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Fun fact – Playing Star Wars tunes on Spotify, you get this neat little lightsaber progress bar

Longevity

LEGO Star Wars: The Skywalker Saga is the biggest and most ambitious licensed LEGO game to date. To finish all 9 episodes could take you 15-25 hours, depending on how much you stray from the story. Trust me, it is easily done. But LEGO games are known for the post-game content being just as much fun as playing through the story. With nearly 400 characters, loads of starships, Kyber Bricks, and mini-kits to collect, you will be playing long after. If you are a total completionist, then there are the level challenges, puzzles, and trials. All of which count towards your overall collectables, this game will probably see you good for another 25-35 hours. Throw in a few more hours just for standing around and gazing at the scenery.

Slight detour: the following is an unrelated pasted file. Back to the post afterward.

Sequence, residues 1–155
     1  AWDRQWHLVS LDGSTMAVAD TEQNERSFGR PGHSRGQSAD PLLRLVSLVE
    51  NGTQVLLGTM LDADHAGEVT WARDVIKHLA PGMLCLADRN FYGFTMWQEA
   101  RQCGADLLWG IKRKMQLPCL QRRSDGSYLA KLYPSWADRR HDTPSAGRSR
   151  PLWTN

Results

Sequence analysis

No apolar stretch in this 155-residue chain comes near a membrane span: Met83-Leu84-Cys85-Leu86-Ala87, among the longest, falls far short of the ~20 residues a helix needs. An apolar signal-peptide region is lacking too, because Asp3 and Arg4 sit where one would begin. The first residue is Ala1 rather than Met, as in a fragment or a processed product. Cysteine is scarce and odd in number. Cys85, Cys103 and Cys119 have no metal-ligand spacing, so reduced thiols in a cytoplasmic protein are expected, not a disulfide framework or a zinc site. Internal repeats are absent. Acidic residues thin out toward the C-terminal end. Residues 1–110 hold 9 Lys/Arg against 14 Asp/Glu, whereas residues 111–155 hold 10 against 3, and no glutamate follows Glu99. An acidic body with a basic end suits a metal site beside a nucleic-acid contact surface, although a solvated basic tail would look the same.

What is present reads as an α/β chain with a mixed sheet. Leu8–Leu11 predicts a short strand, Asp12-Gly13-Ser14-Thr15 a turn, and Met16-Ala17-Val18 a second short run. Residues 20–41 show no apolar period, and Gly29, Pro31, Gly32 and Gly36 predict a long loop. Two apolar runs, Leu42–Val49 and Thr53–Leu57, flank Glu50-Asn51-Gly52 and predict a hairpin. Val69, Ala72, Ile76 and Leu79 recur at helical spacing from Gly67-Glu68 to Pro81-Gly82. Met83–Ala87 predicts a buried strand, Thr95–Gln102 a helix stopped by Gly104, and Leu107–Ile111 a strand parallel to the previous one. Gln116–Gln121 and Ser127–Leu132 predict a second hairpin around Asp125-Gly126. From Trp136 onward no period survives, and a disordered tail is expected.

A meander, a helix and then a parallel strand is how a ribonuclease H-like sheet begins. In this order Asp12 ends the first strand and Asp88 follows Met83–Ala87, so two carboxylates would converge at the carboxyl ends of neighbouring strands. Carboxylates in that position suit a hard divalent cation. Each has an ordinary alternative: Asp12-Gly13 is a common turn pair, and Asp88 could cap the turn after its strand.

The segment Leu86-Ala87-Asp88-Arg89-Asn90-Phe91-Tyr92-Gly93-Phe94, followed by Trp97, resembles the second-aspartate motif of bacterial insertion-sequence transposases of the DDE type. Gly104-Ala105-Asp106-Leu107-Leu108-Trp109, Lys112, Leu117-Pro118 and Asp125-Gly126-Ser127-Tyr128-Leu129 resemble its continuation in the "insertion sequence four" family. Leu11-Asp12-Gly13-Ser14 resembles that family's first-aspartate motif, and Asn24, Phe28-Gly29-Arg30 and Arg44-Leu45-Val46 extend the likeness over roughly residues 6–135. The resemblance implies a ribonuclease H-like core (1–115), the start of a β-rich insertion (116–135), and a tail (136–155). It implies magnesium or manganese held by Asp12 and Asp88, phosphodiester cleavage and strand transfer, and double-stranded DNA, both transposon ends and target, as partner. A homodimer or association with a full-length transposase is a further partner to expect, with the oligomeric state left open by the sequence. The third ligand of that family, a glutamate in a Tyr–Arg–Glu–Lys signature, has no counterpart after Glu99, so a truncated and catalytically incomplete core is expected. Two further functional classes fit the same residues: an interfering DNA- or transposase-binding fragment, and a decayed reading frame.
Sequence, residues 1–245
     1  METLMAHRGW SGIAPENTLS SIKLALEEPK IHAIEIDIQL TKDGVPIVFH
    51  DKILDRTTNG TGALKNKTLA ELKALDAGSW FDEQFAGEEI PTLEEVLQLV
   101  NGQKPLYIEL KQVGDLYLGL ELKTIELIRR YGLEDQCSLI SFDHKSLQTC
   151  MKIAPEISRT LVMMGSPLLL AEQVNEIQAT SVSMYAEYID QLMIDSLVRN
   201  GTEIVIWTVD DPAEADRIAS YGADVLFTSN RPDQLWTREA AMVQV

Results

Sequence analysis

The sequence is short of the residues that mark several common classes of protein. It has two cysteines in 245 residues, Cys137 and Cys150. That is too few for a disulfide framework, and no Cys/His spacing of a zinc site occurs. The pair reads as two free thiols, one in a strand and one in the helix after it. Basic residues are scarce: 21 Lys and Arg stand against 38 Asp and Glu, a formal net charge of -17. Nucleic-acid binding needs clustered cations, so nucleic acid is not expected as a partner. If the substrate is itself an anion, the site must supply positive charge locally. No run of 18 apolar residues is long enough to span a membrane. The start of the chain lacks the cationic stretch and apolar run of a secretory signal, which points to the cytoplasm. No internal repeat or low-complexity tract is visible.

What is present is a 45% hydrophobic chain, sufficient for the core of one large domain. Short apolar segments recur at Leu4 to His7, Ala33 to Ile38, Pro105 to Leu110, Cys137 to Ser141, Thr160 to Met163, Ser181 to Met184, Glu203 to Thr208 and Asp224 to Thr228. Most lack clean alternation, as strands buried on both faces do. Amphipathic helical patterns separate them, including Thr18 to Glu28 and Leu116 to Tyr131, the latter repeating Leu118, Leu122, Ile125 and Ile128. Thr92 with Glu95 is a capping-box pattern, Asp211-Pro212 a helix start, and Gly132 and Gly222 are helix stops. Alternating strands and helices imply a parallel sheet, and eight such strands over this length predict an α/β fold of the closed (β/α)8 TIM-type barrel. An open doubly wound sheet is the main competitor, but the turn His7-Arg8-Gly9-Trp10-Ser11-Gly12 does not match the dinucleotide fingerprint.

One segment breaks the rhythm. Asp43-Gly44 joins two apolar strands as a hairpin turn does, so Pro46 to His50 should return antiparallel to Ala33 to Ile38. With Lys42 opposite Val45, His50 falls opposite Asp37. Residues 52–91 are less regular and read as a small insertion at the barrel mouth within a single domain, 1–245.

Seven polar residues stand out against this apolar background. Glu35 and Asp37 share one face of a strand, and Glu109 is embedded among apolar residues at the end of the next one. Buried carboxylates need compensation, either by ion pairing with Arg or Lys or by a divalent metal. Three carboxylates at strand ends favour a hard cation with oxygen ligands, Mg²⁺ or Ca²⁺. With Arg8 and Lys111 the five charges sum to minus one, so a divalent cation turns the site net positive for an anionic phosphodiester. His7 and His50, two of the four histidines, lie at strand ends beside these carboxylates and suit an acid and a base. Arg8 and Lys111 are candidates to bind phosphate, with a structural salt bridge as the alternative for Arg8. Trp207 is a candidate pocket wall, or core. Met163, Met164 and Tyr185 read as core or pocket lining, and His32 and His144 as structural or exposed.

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Careful now, you don’t want to be ‘mauled’ to death

Final Thoughts

So I have a confession to make. I am not the biggest Star Wars fan, though I do enjoy the movies and know them well enough. But I have played a few LEGO games in my life as well as quite a few Star Wars games. I can say with utter sincerity that LEGO Star Wars: The Skywalker Saga is the BEST LEGO game I have ever played. The humour, the sheer amount of things to do, and its relevance to the source material are second to none. Hell, I would even go so far as to say it is in my top three Star Wars games. LEGO Star Wars: The Skywalker Saga is the definitive LEGO and Star Wars experience.

So it comes as no surprise that I award LEGO Star Wars: The Skywalker Saga the Jedi-riffic Thumb Culture Platinum Award.

Disclaimer: A code was received in order to write this review.